Crafty and quirky... Used Western Metal Supply Co. building in construction of ballpark, is now filled with suites a restaurant, and the team store... "Park at the Park” offers a picnic ground for cheaper seats, and seamlessly blends into downtown... Extreme pitcher's park... Only two playoff appearances.

The Replicas

7. Busch Stadium – St. Louis Cardinals

City: St. Louis, MO; Opened: 2006; Capacity: 43,975

Great views of downtown St. Louis and the Arch... Already has hosted two World Series-winning teams, including the historic comeback in Game 6 of the 2011 World Series... Most loyal and supportive fans in the game... Simple design.

The new Yankee Stadium maintains the style of the old park. (Jeremy Bergman)
The new Yankee Stadium maintains the style of the old park. (Jeremy Bergman)
6. Yankee Stadium – New York Yankees

City: Bronx, NY; Opened: 2009; Capacity: 50,291

Proud of its history – the return of the "Frieze," short fences, manual scoreboards, bleachers, Great Hall... Combines the feel of the old and the renovated Stadiums... Already has that Yankee magic – they won the World Series in the first year of the Stadium’s first year... Very hitter-friendly... Many food, merchandise options... Incredibly expensive.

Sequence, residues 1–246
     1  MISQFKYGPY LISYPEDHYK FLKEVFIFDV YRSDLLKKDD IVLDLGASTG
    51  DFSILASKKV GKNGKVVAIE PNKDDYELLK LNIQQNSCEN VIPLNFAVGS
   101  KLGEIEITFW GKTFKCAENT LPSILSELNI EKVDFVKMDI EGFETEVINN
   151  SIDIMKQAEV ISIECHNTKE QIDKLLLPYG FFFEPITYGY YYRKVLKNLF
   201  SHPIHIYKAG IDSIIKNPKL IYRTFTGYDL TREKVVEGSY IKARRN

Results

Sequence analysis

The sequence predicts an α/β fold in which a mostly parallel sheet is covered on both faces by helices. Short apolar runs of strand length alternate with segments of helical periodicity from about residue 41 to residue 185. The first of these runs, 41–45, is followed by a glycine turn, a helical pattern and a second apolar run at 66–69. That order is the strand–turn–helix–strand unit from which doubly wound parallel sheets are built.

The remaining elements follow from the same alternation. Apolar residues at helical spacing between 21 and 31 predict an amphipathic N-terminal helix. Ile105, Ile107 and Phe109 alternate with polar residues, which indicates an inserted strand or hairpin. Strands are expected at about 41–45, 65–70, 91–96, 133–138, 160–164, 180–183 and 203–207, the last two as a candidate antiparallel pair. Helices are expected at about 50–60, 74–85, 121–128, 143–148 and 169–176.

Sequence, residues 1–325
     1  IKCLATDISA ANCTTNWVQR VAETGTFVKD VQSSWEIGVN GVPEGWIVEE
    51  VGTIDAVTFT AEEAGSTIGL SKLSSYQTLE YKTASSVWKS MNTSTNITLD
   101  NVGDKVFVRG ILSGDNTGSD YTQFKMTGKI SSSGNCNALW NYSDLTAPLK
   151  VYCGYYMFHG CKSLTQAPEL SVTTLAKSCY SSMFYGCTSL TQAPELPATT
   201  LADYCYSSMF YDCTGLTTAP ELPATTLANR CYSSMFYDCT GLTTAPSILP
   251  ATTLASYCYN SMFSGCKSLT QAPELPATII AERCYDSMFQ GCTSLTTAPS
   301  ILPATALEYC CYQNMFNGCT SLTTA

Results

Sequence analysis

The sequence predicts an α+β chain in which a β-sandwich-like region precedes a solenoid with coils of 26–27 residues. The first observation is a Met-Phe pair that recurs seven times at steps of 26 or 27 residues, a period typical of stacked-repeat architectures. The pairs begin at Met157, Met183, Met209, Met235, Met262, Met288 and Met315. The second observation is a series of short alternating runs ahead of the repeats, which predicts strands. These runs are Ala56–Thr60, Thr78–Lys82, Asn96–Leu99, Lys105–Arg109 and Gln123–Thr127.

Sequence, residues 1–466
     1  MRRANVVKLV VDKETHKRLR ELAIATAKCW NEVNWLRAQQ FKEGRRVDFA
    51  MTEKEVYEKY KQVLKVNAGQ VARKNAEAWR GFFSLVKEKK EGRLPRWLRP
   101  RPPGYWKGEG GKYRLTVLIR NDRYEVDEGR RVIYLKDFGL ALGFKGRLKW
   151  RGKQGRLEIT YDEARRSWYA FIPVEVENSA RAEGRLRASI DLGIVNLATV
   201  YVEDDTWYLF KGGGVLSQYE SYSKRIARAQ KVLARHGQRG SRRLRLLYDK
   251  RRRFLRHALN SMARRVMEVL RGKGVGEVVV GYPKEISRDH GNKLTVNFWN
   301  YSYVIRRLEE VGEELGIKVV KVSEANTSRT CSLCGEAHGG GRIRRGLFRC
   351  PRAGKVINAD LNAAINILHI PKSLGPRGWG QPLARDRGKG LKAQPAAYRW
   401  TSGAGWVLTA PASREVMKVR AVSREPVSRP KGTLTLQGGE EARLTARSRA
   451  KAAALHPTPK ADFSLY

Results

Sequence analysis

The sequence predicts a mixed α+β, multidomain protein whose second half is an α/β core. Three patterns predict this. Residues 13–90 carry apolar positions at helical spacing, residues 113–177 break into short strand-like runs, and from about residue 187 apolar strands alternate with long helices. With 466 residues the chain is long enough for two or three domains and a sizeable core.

The Classics

5. Wrigley Field – Chicago Cubs

City: Chicago, IL; Opened: 1914; Capacity: 41,159

The ivy... The bleachers... The scoreboard... The rooftop seats... The 7th Inning Stretch... Very old and few renovations have been done... So much history – Ruth’s Called Shot, Ernie Banks, the Billy Goat, Sammy Sosa... If only they could win a World Series!

4. Fenway Park – Boston Red Sox

City: Boston, MA; Opened: 1912; Capacity: 37,493

The Green Monster... Pesky Pole... The Triangle... 1918... Ted Williams... Carlton Fisk... Bleepin’ Bucky Dent... The 2004 ALCS comeback against the hated Yankees... Just as much history as Wrigley, with a little more winning... Renovations have been appropriate, like with the Green Monster seats... Passionate fans... Old, but so venerable.